Winter Skills Mountaineering Course Notes

So you've had your Winter Mountaineering Course here in the Sierra Nevada with us. Want to refresh a few things?

IMPORTANT! These notes are designed to be a quick reference guide to supplement and refresh the information covered on your course with Spanish Highs. If you require more detailed knowledge and information please refer to the recommended reading list at the end of these notes

Suggested Reading

Mountain Skills Training Handbook : Hill and Johnstone. Mountaineering: The Freedom of the Hills : The mountaineers 1992 Safety on Mountains BMC booklet A Chance in a Million : Barton and Wright 1985 - Scottish Mountaineering Trust

Our own coaching syllabus is based on the Mountain Skills Training Handbook.

Kitting Out For Winter

In the harsh and severe conditions that generally prevail in winter there is little margin for error. These conditions will make even the simplest and smallest tasks very difficult. These notes are designed with this in mind, so having your equipment organised can make life much easier. Most of this preparation can be done BEFORE you start your hill walk. Essential winter equipment :-

Clothing

This is very much down to personal preference and how much you are prepared to spend but there are some points to bear in mind :-

Boots

Do not rush into the purchase of winter boots because not only your comfort, but also your safety will depend on them. Seek out an experienced store assistant who can ensure that the boots you purchase are adequate for the use you intend. Here are some points to bear in mind :-

The Ice Axe

This is the basic tool of a winter mountaineer. The length of the shaft is determined by the use to which it will be put. A general mountaineering axe will be between 55cm to 65cm long. A good guide is to hold the ice axe loosely by your side at arms length. The axe spike should be approx level with your ankle.

Ice axe wrist loop

The axe may be fitted with a sliding wrist loop or a loop made from a long tape threaded through the hole in the head - adjusted so it is taut when the axe is held just above the spike. Advantages of wrist loop - Disadvantages of wrist loop - N.B. A cunning plan to prevent the last problem is to attach your axe to yourself with a one metre cord or tape to your harness karabiner.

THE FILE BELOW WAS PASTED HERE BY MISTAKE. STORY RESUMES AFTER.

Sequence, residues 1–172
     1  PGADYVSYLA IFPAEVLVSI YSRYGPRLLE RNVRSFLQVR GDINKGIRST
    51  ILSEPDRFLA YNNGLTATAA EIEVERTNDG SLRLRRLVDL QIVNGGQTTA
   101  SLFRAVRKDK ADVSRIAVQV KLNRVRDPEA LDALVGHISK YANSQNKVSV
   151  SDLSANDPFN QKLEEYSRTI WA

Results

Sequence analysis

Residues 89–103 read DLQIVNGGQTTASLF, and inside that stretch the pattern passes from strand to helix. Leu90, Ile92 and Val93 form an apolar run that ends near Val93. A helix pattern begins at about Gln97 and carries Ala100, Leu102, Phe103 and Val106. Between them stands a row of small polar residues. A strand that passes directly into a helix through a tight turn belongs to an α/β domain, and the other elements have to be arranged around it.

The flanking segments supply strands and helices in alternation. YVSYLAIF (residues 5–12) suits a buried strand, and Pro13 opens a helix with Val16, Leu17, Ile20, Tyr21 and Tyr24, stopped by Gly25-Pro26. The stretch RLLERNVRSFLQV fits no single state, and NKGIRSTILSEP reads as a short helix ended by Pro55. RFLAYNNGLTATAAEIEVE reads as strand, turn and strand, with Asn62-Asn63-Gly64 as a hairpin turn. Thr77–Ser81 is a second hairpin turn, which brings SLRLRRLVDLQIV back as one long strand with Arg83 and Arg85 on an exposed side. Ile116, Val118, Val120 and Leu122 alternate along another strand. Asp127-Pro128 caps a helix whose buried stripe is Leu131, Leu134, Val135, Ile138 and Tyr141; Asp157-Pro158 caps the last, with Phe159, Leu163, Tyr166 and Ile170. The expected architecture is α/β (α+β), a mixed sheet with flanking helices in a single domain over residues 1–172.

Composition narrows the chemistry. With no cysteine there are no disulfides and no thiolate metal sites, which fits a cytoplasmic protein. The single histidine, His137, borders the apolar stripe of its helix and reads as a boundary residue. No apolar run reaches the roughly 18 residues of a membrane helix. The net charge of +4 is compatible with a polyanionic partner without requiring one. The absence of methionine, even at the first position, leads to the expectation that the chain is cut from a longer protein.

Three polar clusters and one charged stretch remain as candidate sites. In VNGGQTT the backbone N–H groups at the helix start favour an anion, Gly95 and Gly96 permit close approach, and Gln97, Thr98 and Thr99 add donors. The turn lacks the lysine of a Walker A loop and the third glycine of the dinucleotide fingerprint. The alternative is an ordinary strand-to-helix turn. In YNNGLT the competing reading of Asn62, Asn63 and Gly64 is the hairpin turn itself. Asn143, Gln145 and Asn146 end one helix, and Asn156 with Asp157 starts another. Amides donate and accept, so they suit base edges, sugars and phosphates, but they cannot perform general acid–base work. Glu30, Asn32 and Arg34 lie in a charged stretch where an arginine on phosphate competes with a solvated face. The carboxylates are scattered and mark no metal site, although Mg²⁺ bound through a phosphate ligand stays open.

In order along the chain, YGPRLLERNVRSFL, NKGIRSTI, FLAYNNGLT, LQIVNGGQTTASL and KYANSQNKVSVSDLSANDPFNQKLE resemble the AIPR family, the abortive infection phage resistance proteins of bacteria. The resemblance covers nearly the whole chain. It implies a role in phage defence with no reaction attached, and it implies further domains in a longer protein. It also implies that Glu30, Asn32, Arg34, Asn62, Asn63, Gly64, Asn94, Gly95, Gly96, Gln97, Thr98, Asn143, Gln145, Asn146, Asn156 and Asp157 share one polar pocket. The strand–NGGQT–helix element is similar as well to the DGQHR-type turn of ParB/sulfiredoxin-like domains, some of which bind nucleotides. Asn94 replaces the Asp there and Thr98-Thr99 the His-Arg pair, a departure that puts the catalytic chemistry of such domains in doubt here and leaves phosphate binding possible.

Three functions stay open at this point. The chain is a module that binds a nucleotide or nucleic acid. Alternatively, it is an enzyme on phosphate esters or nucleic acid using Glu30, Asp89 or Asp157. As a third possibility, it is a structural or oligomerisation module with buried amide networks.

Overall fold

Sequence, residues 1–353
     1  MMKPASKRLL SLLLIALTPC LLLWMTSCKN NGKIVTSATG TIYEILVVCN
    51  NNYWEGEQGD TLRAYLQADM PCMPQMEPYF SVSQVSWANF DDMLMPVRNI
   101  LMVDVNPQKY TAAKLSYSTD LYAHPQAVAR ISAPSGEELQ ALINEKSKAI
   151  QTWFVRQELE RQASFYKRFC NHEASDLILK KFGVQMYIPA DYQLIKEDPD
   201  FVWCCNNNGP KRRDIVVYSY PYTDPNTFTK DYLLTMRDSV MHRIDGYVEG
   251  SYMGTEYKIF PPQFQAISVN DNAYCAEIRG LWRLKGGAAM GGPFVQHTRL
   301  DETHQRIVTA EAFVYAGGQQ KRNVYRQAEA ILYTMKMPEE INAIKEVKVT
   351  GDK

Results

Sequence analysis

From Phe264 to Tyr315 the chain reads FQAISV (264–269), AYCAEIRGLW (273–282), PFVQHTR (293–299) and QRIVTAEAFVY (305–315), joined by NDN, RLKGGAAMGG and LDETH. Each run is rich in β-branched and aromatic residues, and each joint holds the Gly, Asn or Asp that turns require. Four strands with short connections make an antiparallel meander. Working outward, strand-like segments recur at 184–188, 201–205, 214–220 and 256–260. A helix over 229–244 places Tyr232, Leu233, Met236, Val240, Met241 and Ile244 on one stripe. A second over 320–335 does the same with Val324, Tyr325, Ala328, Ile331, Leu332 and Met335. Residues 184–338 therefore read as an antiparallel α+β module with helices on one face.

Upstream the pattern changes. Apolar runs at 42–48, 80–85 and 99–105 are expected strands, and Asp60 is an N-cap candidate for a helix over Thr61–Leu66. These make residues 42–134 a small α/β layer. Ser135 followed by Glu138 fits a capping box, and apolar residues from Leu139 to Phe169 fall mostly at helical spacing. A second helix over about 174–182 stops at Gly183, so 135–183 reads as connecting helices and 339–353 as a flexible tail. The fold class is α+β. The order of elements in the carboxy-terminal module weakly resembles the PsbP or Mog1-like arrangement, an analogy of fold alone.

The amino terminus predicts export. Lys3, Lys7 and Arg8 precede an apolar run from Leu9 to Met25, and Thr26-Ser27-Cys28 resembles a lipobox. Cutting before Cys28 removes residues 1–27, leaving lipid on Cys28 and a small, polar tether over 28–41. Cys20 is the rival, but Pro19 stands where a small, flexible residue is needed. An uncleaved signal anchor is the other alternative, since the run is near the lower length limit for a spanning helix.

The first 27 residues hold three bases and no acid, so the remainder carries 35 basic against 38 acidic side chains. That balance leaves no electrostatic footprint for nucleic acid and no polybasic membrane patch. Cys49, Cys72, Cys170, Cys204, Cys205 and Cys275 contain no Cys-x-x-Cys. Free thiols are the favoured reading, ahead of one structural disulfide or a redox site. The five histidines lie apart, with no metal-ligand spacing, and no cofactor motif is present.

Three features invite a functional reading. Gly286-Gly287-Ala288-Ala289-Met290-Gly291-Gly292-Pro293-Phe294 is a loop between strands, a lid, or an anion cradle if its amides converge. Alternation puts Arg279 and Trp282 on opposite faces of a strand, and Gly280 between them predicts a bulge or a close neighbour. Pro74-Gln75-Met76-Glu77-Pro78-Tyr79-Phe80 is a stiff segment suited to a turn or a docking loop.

Carrying the Axe

Carry the axe in the UPHILL hand. The generally preferred method (and the one which is generally taught) is to carry the axe with the adze facing forwards. This is the natural position from which to move to the self-arrest position

BUT One school of thought states that it is more comfortable during prolonged use to rest the heel of your hand on the adze while holding the pick forwards. The IMPORTANT thing is that your axe is IN YOUR HAND and not in your rucksack from the first moment that you step onto snow (even if it is only a small patch of snow)

BECAUSE YOU DON'T KNOW WHEN YOU ARE GOING TO FALL - an accidental slip is, by its very nature, unexpected.

Self-Belay

Ice axe braking (Self-arrest) Basic Position :

Crampons

Fitting

Use of crampons

'French' technique.

Ascending Descending

Hybrid/American Technique

Ascend as above but with one foot flat and one toe into the slope.

Front pointing

This is necessary on very steep slopes

Balling - up

This happens in WET snow conditions when snow builds up in your boot treads. It can be avoided by wearing anti-balling plates. In an emergency anything to form a smooth barrier between your sole and the wet snow would do e.g. plastic bag! Snow can be removed by tapping boot regularly with your axe.

Avalanche Awareness

Digging a Snow Pit Do five point test on the back of wall to examine :-
Hardness : penetration by objects
1. gloved fist soft
2. gloved fingers
3. single finger
4. axe pick / spike / compass edge
5. knife blade hard

Wetness : the ability to make snowballs
1. snow too dry to make snowball dry
2. forms dry snowball
3. snowball from which a few drops of water can be squeezed
4. much water can be squeezed
5. slush wet

ABRUPT changes between adjacent layers would suggest an instability in the snow pack and therefore a HIGH risk of avalanche. Gradual changes between the layers are probably safe

Also, differences in the size of crystals in adjacent layers, as well as spaces between layers, icy crusts and layers of loose, unbonded crystals should also be regarded as possible sources of danger.

Warning signs - Snow pack

Warning signs - terrain

Warning signs - weather

DON'T FORGET the 'human' factor. Inexperienced climbers/skiers above you can unwittingly trigger an avalanche.

Survival Tips If YOU get caught

If someone else is caught

Snow Belays - Use and suitability

Belaying on snow

Indirect belay

Ice Axe anchors

These are useful in a wide range of snow conditions. How to use the axe will depend on the various layers within the snow cover and how to take best advantage of them.

Horizontal axe anchor

The benefits of this are that it is quick and effective and no additional equipment needs to be carried

Reinforced axe

'T' Axe

Standing axe (stomper) belay

Boot-axe belay

Very much like stomper as a way of safeguarding descent, it is an excellent method of lowering

Dead Man anchor

Snow bollard

The company

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Spanish Highs Tours Ltd
Company Number 09960909 Registered in England & Wales

Head Office: 41 Axholme Drive, Epworth, DN91EL, North Lincolnshire, UK. Registered Office: 20-22 Wenlock Road, London, N1 7GU, England

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